|Main ingredients||Unleavened dough|
|Cookbook: Noodle Media: Noodle|
Noodles are a staple food in many cultures made from unleavened dough which is stretched, extruded, or rolled flat and cut into one of a variety of shapes. A single noodle can be made, eaten, or extracted from a serving of noodles, but it is far more common to serve and eat many at once, and thus more common to see the plural form of the word.
While long, thin strips may be the most common, many varieties of noodles are cut into waves, helices, tubes, strings, or shells, or folded over, or cut into other shapes. Noodles are usually cooked in boiling water, sometimes with cooking oil or salt added. They are often pan-fried or deep-fried. Noodles are often served with an accompanying sauce or in a soup. Noodles can be refrigerated for short-term storage, or dried and stored for future use. The material composition or geocultural origin must be specified when discussing noodles. The word derives from the German word Nudel.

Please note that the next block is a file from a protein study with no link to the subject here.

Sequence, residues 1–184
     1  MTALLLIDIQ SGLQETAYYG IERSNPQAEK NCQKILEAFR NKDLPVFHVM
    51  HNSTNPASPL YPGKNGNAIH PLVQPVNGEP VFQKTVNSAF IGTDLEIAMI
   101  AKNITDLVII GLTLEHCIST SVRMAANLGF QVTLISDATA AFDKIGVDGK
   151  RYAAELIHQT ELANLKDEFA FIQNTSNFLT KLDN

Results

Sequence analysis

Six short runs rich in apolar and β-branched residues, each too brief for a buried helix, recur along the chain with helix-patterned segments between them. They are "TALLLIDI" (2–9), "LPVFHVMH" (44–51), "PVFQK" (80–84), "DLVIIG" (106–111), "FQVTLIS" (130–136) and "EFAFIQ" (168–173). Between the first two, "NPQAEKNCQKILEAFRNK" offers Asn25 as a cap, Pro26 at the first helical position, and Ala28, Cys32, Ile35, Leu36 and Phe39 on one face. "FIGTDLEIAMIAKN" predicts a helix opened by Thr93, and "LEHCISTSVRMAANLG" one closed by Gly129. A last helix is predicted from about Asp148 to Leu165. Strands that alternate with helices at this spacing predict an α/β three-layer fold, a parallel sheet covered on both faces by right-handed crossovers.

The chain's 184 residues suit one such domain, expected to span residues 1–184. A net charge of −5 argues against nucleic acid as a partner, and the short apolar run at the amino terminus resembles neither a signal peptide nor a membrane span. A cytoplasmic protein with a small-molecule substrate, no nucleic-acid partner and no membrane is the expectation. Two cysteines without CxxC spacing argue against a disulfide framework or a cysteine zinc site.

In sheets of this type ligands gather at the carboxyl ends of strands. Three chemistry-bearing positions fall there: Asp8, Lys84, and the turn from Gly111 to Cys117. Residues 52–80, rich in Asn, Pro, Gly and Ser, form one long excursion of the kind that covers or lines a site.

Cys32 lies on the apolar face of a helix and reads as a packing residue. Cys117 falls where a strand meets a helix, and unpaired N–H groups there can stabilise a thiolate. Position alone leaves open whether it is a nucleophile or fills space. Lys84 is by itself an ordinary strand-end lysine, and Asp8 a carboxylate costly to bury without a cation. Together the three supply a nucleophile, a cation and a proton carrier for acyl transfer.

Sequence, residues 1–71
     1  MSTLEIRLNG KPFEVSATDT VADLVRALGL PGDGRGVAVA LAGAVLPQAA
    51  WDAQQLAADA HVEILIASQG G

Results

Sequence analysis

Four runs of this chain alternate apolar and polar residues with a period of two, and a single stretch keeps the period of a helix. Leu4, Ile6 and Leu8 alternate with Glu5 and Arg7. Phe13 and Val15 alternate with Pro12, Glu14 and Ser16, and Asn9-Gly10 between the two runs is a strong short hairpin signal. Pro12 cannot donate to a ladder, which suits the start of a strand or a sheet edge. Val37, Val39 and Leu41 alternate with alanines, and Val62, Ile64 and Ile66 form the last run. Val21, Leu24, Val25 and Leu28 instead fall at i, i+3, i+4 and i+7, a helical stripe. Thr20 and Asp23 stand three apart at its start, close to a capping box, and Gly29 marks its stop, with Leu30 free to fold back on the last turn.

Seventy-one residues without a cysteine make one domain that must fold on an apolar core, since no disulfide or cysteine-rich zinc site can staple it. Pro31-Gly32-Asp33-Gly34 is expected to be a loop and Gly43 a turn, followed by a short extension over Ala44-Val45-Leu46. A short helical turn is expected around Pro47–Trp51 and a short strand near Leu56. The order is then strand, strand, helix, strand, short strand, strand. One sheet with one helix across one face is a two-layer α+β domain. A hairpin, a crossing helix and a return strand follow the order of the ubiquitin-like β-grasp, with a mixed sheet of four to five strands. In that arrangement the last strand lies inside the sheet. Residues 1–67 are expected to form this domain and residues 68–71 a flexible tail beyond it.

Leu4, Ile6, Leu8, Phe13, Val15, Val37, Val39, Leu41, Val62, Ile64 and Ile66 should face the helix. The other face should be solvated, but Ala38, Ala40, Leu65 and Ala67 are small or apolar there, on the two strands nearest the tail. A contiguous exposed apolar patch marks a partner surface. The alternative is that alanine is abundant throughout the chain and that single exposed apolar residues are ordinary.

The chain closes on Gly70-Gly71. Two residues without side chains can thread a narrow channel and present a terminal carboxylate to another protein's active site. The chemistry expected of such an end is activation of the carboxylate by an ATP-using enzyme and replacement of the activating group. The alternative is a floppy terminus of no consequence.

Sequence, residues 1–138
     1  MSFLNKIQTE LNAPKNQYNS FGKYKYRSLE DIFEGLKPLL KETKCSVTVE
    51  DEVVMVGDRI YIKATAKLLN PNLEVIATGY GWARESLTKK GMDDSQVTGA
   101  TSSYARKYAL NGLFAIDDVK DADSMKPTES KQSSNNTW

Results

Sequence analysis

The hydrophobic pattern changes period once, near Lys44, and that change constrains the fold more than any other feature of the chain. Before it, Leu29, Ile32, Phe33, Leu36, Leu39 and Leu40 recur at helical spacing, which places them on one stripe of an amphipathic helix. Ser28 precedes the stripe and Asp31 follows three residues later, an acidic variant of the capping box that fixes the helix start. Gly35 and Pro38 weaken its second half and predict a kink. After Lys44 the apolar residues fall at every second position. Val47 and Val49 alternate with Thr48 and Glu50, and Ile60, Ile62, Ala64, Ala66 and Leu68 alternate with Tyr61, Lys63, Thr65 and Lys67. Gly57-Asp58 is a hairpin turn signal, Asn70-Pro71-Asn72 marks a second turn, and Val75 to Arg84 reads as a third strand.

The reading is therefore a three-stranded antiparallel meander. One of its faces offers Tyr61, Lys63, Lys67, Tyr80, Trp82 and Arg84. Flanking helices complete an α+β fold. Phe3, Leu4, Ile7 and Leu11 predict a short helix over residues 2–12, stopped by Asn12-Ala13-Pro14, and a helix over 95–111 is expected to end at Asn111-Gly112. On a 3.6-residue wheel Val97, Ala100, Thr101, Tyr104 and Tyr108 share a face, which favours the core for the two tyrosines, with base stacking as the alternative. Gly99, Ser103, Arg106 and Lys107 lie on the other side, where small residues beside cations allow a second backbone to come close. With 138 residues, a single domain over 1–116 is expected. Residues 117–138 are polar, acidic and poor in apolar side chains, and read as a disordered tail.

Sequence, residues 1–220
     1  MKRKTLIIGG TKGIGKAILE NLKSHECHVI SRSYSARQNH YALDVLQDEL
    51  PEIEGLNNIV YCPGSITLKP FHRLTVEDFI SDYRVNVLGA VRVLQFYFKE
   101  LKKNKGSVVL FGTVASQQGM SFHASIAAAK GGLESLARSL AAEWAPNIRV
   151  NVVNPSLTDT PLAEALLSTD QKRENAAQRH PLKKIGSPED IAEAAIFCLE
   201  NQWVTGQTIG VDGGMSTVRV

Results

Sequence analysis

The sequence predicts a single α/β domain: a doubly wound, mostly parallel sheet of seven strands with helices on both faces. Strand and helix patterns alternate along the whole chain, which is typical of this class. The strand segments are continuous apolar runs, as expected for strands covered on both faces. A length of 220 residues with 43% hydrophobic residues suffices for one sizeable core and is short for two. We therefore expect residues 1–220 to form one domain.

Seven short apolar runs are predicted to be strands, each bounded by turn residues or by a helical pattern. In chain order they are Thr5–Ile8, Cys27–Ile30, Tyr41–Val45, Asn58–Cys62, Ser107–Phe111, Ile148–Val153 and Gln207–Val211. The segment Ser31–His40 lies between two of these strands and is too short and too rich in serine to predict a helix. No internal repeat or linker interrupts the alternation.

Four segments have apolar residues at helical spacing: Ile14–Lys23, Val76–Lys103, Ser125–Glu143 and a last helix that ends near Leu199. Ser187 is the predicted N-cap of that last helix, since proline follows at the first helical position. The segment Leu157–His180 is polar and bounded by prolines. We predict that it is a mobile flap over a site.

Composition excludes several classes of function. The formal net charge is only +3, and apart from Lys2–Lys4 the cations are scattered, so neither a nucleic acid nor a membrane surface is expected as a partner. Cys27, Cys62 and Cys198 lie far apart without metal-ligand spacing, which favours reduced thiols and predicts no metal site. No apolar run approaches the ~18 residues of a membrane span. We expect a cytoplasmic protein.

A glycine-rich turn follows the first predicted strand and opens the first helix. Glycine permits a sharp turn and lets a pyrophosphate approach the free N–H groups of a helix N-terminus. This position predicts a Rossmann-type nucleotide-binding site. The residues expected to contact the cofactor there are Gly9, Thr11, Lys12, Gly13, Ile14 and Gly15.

The origin of noodles has been disputed, but the evidence heavily favors its origin in China. Claims have been made that the noodle was of Chinese, Arabian and Mediterranean origin. Given the scarcity of physical evidence, it is unlikely that the question of origin can even be answered with certainty. A Nature article claimed the oldest evidence of noodle consumption was from 4,000 years ago in China. In 2005, a team of archaeologists working in the People's Republic of China reported finding an earthenware bowl that contained foxtail millet and broomcorn millet noodles at the Lajia archaeological site, arguably hailing from the late neolithic period, but this claim was disputed by later research, which suggested that noodles simply cannot be produced from millet, which lacks gluten.
The earliest written record of noodles is found in a book dated to the Eastern Han period (25–220). Noodles, often made from wheat dough, became a staple food for people of the Han Dynasty (206 BCE - 220 CE). During the Tang Dynasty, the noodles were first cut into strips, and in the Yuan Dynasty the making of dried noodles began.